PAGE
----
The brachycephalic dog patient may place veterinarians in ethically challenging situations when they are approached to help in the treatment and breeding of affected animals. In discussing breed-associated disorders, veterinarians may appear to be critical of the very features that clients find most endearing about their companion animals and some have preferred to speak up only anonymously. Or veterinarians may have a conflict of interest if they draw an income from treating typical disorders.
But unless veterinarians and breed organizations speak up, the demand for extreme brachycephalic breeds will continue. The enormity of the welfare problem is increasing with the increased demand for affected dogs.
The Australian Veterinary Association (AVA) and the RSPCA Australia joined forces back in 2016 to promote awareness of these health and welfare problems in their Love is Blind campaign. Breeder organizations are exploring ways to moderate extreme shapes in the show ring. For example, a survey published last year of 15 national kennel clubs, identified exaggerated morphological features and inherited disorders as their chief concerns.
Companies can also play a role. Last year New Zealand’s online marketplace Trade Me banned the sale of Pugs, French Bulldogs, and British Bulldogs on animal welfare grounds. In recognition of the media’s role in generating this demand, the British Veterinary Association no longer uses adverts depicting brachycephalic breeds. The Australian Veterinary Association also avoids the use of images of other breeds with exaggerated features, such as Shar-Peis and Dachshunds.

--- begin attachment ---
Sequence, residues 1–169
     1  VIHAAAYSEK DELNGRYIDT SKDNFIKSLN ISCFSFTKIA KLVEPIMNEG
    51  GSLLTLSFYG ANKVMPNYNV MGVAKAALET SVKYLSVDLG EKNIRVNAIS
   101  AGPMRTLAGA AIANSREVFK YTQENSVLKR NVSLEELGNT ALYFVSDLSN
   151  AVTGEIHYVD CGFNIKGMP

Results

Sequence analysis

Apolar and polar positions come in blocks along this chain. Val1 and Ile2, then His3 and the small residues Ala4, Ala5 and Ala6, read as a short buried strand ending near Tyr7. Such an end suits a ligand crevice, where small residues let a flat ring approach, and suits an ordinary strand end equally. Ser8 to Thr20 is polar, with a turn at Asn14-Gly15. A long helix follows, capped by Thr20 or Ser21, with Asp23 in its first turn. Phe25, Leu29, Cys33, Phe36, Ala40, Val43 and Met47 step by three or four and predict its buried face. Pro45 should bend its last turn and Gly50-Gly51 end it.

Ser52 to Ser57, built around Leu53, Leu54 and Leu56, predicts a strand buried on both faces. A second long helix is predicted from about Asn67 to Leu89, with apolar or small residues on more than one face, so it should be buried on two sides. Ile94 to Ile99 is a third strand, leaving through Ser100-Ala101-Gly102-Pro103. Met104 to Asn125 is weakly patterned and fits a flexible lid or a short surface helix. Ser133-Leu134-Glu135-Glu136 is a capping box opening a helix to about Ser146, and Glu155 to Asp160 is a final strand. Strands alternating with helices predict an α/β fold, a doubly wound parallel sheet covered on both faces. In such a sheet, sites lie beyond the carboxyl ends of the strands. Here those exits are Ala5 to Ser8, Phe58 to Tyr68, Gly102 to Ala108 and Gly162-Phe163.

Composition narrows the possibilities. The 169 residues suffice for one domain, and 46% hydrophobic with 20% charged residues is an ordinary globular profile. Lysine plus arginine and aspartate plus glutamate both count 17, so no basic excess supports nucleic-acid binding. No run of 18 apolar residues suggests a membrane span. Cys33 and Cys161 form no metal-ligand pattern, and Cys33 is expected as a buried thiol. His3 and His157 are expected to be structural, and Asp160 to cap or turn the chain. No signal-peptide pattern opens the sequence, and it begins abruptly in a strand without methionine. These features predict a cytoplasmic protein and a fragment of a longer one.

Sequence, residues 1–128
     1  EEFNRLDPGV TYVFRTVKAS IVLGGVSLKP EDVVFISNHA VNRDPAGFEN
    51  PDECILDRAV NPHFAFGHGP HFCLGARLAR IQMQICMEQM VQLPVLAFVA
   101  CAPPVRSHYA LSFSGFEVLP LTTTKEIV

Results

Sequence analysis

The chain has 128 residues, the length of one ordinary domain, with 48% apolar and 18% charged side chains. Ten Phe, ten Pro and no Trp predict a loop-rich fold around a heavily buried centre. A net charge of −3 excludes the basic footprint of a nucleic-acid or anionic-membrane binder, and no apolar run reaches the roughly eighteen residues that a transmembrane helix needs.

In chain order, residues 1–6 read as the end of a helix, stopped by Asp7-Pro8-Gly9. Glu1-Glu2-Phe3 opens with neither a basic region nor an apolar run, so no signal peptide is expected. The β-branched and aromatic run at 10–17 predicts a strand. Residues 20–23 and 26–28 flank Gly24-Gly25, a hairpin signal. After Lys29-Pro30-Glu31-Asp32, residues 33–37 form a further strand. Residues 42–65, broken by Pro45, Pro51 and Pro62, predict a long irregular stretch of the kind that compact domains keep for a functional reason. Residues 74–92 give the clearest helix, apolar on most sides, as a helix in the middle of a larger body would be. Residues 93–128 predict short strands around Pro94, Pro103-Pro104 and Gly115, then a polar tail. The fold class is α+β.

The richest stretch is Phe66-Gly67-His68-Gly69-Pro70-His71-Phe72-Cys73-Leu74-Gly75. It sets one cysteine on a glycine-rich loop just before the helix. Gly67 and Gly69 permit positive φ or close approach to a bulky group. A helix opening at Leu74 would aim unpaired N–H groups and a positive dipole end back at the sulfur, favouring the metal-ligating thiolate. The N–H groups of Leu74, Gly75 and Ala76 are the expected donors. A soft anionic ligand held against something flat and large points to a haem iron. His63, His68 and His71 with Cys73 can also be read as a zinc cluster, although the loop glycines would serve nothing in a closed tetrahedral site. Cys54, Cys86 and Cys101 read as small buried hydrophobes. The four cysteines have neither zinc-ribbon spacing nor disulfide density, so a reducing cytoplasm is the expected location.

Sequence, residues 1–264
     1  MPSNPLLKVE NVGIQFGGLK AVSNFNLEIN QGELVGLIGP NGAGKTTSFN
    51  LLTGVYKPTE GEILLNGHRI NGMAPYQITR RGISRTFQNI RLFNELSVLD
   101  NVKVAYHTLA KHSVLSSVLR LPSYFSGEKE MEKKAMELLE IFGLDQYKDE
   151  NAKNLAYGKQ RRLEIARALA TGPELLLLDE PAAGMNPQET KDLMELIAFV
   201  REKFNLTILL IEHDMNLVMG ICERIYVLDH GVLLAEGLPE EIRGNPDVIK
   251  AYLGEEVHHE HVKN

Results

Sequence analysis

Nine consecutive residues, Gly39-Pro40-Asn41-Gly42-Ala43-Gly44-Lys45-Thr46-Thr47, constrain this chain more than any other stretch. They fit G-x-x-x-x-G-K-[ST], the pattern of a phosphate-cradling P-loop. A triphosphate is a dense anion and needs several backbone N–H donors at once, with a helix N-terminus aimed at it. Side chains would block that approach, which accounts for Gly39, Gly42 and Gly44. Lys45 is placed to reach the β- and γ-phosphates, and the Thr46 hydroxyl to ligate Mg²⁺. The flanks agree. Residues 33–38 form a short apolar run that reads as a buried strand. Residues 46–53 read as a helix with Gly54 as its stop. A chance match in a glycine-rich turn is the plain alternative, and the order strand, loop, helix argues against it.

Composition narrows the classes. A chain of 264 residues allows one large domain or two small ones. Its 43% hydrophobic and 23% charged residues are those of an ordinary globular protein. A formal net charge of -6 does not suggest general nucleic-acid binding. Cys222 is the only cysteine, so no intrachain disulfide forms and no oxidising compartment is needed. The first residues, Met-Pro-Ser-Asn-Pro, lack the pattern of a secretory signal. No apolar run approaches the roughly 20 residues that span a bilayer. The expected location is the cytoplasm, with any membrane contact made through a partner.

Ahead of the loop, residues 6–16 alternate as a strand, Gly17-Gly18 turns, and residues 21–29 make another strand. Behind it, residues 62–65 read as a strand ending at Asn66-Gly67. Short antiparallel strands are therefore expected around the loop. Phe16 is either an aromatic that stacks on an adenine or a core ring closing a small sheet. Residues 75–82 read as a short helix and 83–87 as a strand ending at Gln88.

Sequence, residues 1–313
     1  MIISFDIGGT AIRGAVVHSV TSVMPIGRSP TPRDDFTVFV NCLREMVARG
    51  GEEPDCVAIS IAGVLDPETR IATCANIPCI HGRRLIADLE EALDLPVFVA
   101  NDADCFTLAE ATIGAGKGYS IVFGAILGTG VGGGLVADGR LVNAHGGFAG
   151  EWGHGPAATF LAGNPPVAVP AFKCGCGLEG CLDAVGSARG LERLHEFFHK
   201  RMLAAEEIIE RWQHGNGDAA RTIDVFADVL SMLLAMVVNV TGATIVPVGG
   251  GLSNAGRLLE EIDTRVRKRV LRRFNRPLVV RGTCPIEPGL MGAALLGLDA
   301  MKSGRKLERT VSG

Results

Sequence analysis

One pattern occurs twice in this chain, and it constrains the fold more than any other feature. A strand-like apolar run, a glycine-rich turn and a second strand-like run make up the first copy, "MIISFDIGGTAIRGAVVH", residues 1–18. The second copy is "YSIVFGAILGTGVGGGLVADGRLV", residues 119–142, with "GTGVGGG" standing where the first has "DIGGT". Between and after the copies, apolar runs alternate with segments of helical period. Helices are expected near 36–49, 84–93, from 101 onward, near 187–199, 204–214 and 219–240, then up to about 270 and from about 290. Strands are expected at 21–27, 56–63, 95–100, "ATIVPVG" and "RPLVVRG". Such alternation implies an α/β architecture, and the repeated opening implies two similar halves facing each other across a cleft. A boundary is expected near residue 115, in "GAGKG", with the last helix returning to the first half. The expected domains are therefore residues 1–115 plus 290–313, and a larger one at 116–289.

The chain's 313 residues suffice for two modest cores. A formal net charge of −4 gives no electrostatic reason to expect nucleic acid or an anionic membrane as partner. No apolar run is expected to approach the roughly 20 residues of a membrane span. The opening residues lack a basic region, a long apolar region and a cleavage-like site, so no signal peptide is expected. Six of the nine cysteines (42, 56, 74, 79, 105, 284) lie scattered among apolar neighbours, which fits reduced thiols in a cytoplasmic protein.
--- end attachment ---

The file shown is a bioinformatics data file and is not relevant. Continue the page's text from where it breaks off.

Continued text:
Every veterinarian must provide every individual patient with the best possible care they can. But given what we know, we’re also morally obliged to discourage the breeding of dogs with extreme brachycephaly so that we can turn off the tap on this suffering.
It’s also something potential dog parents should be more aware of. They might think they look cute, but those extreme brachycephalic dogs could be costly, both financially and emotionally.
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Dr Anne Quain, BSc
Anne Fawcett is a member of the Australian Veterinary Association. She has worked as both a locum veterinarian and a volunteer with the RSPCA NSW. She is a companion animal veterinarian and treats all companion animals including brachycephalic dogs.